Janos’ Case: Paraplegia

Impaired driver causes permanent paralysis from chest to toes

A talented young agricultural engineer was driving on Highway 97 with friends and co-workers after a day of enjoying recreation in Central Oregon when a drunk and impaired driver going the opposite direction crossed the centerline and crashed into them, head-on.  Everyone in the car was injured.

The ambulance crew put the young engineer on a long backboard with a cervical collar restraint. When he reached the hospital, the emergency room physician and staff were informed that he had been injured in a head-on accident and had to be extricated from his car.  In the hospital that day, the young man moved both legs, and both of his lower extremities were neurovascularly intact. A chest x-ray and chest CT scans showed that he had a thoracic spine injury, which meant that he was at risk of spinal cord injury if not properly treated. Unfortunately, he was taken off the long backboard and the cervical collar and then taken to the operating room for surgery on his leg.  During that surgery, with his back unprotected, he was moved repeatedly in ways that allowed the spinal cord to be damaged.

The next day, he began losing movement in both his legs. A neurosurgeon was finally called and documented a complete spinal cord injury with no movement or sensation in the legs. The evidence that later came to light showed that the hospital had not followed standard procedures, including:

  • Failing to diagnose a thoracic injury with risk of spinal cord damage after the chest x-ray and CT scans clearly showed the injury;
  • Failing to promptly obtain a neurosurgeon evaluation;
  • Failing to have a general surgeon available and present directing the trauma team through the vital phases of resuscitation;
  • Failing to maintain adequate resources to care for all trauma patients presented to the hospital;
  • Choosing to clear the spine and failing to continue preventative measures to avoid having sufficient damage to the spinal cord to cause paralysis injury (paraplegia); and
  • Failing to have hospital systems and procedures in place to assure appropriate management and care of multiple trauma patients.

A spinal cord injury with paralysis from the chest level down is known as paraplegia.  Persons with this medical condition have use of their arms, but do not have muscle control or normal sensation below the level of the injury to the spinal cord.  People with paraplegia need specialized medical equipment and devices, and life-long medical care. They are at risk for additional medical problems as a result of their paraplegia, and if they are not properly cared for, they may not live their full normal life span. 

The young engineer’s case highlights that sometimes more than one factor can contribute to an injury or other harm.  Oregon juries are routinely told that “Many factors may operate either independently or together to cause harm. In such a case, each may be a cause of the harm even though the others by themselves would have been sufficient to cause the same harm.” (This language is from Oregon Uniform Civil Jury Instruction 23.02).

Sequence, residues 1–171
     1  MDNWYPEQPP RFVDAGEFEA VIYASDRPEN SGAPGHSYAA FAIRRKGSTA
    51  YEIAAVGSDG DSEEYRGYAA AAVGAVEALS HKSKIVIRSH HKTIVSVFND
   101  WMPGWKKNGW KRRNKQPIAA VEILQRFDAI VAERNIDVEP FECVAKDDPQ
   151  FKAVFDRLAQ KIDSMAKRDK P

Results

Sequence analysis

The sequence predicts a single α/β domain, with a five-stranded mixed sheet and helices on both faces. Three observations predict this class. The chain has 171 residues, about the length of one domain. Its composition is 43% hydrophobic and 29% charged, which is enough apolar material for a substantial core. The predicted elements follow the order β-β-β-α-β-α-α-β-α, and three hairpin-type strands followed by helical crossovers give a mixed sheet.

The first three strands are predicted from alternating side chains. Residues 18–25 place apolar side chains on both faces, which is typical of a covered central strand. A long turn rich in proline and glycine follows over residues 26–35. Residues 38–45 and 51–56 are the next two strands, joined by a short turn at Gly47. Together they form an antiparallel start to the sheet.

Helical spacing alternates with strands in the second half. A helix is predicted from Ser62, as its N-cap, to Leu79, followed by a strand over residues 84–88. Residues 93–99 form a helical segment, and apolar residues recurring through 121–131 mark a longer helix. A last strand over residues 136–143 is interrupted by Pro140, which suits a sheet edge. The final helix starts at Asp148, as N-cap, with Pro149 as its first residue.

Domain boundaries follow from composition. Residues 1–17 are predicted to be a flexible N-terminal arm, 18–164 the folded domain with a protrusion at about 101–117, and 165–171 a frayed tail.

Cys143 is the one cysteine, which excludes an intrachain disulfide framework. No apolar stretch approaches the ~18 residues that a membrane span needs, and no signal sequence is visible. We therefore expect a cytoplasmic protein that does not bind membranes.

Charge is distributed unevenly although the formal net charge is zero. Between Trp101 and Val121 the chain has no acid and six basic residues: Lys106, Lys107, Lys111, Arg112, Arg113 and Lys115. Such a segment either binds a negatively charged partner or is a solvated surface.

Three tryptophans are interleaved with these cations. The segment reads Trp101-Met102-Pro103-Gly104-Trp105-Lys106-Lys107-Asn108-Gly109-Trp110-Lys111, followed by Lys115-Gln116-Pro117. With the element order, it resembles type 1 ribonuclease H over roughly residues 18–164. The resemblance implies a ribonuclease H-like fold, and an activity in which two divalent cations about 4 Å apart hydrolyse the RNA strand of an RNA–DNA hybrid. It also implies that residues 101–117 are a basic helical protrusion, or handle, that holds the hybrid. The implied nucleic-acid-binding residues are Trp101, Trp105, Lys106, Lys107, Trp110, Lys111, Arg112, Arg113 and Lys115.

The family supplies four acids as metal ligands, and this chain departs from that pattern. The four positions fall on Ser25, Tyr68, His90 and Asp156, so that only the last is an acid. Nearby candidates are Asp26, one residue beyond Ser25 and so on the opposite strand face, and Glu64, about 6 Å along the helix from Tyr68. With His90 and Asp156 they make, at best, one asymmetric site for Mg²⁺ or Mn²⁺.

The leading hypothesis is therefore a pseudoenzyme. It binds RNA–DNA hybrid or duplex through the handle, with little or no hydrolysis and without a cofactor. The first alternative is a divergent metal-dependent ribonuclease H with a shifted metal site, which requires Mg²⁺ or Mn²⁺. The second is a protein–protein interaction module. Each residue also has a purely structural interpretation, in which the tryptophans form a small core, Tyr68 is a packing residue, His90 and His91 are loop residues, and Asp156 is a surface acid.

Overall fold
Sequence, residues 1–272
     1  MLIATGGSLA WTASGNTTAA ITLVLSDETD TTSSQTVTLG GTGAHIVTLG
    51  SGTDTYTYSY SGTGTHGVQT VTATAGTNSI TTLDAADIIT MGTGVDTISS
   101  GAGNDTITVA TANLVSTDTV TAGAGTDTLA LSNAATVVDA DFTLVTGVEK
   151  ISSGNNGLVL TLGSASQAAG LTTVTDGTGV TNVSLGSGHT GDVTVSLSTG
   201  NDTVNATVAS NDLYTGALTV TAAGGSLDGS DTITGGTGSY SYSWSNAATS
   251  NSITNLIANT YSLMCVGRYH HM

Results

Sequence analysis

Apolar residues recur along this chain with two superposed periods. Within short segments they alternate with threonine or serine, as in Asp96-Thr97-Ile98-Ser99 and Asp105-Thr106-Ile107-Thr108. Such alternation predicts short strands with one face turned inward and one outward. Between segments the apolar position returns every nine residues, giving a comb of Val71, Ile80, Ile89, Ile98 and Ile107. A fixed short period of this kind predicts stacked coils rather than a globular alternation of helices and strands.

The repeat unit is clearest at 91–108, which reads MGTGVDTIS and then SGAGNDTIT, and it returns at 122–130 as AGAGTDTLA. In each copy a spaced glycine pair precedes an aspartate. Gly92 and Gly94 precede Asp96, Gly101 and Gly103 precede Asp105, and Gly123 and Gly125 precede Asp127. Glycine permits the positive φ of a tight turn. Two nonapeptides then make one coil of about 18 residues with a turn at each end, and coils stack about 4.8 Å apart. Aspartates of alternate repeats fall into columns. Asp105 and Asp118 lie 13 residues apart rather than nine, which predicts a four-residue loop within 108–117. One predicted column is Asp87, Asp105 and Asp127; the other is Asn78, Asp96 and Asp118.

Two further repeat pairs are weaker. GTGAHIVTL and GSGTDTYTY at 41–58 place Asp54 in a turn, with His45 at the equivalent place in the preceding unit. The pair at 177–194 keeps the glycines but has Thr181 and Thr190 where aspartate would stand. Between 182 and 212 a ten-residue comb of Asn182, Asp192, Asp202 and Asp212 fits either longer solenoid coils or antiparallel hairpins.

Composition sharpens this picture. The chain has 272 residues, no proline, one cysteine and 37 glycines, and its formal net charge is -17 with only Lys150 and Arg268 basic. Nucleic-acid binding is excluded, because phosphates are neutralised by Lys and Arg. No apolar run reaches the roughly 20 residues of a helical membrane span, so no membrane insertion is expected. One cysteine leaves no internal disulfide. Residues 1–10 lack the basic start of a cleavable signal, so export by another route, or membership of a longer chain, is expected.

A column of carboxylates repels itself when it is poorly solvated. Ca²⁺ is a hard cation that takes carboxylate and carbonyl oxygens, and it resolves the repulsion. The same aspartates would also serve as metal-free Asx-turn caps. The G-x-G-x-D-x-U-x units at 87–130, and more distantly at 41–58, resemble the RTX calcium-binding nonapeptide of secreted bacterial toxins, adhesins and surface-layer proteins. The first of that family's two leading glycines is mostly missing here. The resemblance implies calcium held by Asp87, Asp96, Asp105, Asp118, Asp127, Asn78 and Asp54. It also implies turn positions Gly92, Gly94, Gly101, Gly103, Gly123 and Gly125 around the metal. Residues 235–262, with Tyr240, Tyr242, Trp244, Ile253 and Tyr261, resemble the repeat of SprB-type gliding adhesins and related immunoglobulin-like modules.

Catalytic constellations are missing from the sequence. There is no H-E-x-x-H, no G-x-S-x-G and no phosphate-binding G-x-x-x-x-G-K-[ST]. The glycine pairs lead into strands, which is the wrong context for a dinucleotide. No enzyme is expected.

This case was aggressively defended, but eventually settled for an amount that allowed the young engineer to receive the expensive special care and services needed to live a productive life.  While he is no longer able to personally do all of the field engineering work he could do before the injuries, he trained other people to assist him so that he could continue to perform engineering services both here and in Europe.

Review from Janos:

“On August 10th, 2003, just four days after my 28th birthday, my life was permanently altered by a reckless and violent, drug-induced, drunk driver who crashed head-on and into my car. Everyone in the vehicle was injured, with my injuries being the most severe. I suffered a complete spinal cord injury, which changed everything in my life in an instant. Nearly 17 years later, I remain paralyzed from the chest down, and on that day, I not only lost my ability to walk but my ability to do the field engineer work I once loved so much.

In these unpredictable and devastating moments in life, it is essential to surround yourself with people you can trust. My physical rehabilitation was a long road, and as if that wasn’t hard enough, I also had to figure out how I was going to support myself financially. As someone who worked in a physically demanding job, with a lot of international travel, I had no idea how to move forward with my life or what I would be capable of achieving in the future.

I can honestly say, I feel so fortunate to have had the legal guidance of Don Carson. Don not only professionally represented me, but he was relentless in settling an agreement that would help assist me financially. He put his heart and soul into helping me achieve the best outcome and, in many ways, offered tremendous emotional support that went way beyond his call to a legal duty. My reliance upon him, both professionally and emotionally, should not be understated. With his expertise, I was able to receive a financial settlement for my lifelong medical bills as well as a path forward to make a living and successfully support myself. Don is not only a brilliant lawyer; he is honest and trustworthy and committed to doing the best for his clients, even in the most challenging circumstances. With Don at the helm, you will not only have the most capable legal guidance but someone who cares about your overall well-being. I give him my highest recommendation.”

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